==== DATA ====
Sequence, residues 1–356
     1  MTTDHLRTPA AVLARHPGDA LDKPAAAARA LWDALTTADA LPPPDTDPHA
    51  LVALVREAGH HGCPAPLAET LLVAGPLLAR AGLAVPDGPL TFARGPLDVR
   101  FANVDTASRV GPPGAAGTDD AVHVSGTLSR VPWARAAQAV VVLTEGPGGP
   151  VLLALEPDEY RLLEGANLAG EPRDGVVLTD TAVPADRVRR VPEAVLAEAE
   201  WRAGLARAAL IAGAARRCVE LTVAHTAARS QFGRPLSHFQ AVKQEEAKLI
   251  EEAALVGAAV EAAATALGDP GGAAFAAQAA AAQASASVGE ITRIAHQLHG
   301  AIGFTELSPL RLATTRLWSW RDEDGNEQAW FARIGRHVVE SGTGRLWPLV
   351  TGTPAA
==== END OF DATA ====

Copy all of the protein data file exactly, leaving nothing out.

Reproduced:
Sequence, residues 1–356
     1  MTTDHLRTPA AVLARHPGDA LDKPAAAARA LWDALTTADA LPPPDTDPHA
    51  LVALVREAGH HGCPAPLAET LLVAGPLLAR AGLAVPDGPL TFARGPLDVR
   101  FANVDTASRV GPPGAAGTDD AVHVSGTLSR VPWARAAQAV VVLTEGPGGP
   151  VLLALEPDEY RLLEGANLAG EPRDGVVLTD TAVPADRVRR VPEAVLAEAE
   201  WRAGLARAAL IAGAARRCVE LTVAHTAARS QFGRPLSHFQ AVKQEEAKLI
   251  EEAALVGAAV EAAATALGDP GGAAFAAQAA AAQASASVGE ITRIAHQLHG
   301  AIGFTELSPL RLATTRLWSW RDEDGNEQAW FARIGRHVVE SGTGRLWPLV
   351  TGTPAA